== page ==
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The Federal Reserve Bank of Dallas Texas Manufacturing Outlook Survey: November 2011

Today, the Federal Reserve Bank of Dallas released their latest read on manufacturing in their region indicating that manufacturing activity improved slightly but remained weak with the current general business activity index increasing to a weak expansion level of 3.2 while the future general business activity index declined to 9.7.

These results are coming, more or less, inline with the other regional manufacturing survey all indicating that business activity has slowed sharply in 2011 and may possibly indicate recession is upon us.

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New Home Sales: October 2011

Today, the U.S. Census Department released its monthly New Residential Home Sales Report for October showing a monthly increase with sales climbing 1.3% since September and increase 8.87% above the level seen in October of 2010 and remaining at an epically low level of 307K SAAR units.

It's important to recognize that the inventory of new homes has now fallen to a new series low at 162K units, lowest level seen in in at least 47 years while the median number of months for sale declined to 7.4.

The monthly supply remained declined to 6.3 months while the median selling price increased 0.04% and the average selling price declined 0.05% from the year ago level.

The following chart show the extent of sales decline to date (click for full-larger version).

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Wednesday, November 23, 2011

University of Michigan Survey of Consumers November 2011 (Final)

Today's final release of the Reuters/University of Michigan Survey of Consumers for November indicated improvement in consumer sentiment with a reading of 64.1 but falling 10.47% below the level seen last year while one year inflation expectations went flat at 3.2%.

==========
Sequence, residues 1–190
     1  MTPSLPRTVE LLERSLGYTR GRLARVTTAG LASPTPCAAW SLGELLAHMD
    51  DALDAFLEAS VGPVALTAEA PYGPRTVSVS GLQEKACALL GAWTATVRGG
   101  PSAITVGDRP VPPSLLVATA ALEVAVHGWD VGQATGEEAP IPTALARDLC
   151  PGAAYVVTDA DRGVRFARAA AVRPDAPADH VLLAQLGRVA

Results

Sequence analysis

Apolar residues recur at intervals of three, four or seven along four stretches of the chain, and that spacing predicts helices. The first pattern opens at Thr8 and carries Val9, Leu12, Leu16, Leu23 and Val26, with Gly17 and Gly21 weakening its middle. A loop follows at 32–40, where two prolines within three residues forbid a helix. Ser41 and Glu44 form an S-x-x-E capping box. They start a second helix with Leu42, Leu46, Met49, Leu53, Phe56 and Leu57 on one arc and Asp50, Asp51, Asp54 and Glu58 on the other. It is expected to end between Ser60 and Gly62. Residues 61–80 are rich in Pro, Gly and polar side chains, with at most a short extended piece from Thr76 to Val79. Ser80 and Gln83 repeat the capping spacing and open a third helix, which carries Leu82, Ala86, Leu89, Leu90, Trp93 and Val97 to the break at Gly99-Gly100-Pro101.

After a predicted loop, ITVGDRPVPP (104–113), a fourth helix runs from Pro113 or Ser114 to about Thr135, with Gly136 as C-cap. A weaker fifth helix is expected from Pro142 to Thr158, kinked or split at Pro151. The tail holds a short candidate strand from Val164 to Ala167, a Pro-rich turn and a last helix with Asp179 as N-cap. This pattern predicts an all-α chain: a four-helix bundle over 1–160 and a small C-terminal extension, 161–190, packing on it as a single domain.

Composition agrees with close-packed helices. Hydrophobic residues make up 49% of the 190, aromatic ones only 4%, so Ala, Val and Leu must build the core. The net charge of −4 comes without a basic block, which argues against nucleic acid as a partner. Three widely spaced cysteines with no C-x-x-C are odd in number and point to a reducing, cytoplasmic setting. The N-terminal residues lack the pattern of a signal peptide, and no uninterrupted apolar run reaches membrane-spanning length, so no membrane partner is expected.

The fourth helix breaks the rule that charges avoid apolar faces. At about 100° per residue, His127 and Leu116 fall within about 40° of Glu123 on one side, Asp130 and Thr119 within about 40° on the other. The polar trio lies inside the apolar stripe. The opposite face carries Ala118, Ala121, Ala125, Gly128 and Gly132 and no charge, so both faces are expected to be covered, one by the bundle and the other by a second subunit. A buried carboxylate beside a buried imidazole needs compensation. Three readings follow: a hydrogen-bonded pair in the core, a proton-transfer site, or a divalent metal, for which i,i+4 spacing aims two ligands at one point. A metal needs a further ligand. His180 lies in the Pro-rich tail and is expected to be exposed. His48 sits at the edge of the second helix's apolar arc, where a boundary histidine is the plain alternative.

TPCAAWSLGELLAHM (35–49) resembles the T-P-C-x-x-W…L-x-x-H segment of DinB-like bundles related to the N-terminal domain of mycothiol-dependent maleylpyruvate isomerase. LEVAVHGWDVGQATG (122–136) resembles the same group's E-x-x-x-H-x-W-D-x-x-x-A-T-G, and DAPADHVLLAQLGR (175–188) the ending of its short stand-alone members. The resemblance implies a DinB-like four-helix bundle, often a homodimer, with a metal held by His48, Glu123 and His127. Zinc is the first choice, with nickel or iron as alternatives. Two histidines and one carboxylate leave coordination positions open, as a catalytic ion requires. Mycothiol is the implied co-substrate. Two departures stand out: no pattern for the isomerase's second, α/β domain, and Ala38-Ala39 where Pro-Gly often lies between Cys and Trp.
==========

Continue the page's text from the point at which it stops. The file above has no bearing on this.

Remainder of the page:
The Index of Consumer Expectations (a component of the Conference Board's Index of Leading Economic Indicators) rose to 55.4, and the Current Economic Conditions Index climbed to 77.6.

It's important to recognize that consumer sentiment has seriously eroded over the past few months with the current results remaining near levels not seen since 1980, a major indication that consumers are in the process of tightening even further on spending.


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Extended Unemployment: Initial, Continued and Extended Unemployment Claims November 23 2011

Today’s jobless claims report showed an increase to both initial and continued unemployment claims as a slight rising trend was firmly called into question for initial claims.

Seasonally adjusted “initial” unemployment increased 2,000 to 393,000 claims from last week’s revised 391,000 claims while seasonally adjusted “continued” claims increased by 68,000 resulting in an “insured” unemployment rate of 2.9%.

Since the middle of 2008 though, two federal government sponsored “extended” unemployment benefit programs (the “extended benefits” and “EUC 2008” from recent legislation) have been picking up claimants that have fallen off of the traditional unemployment benefits rolls.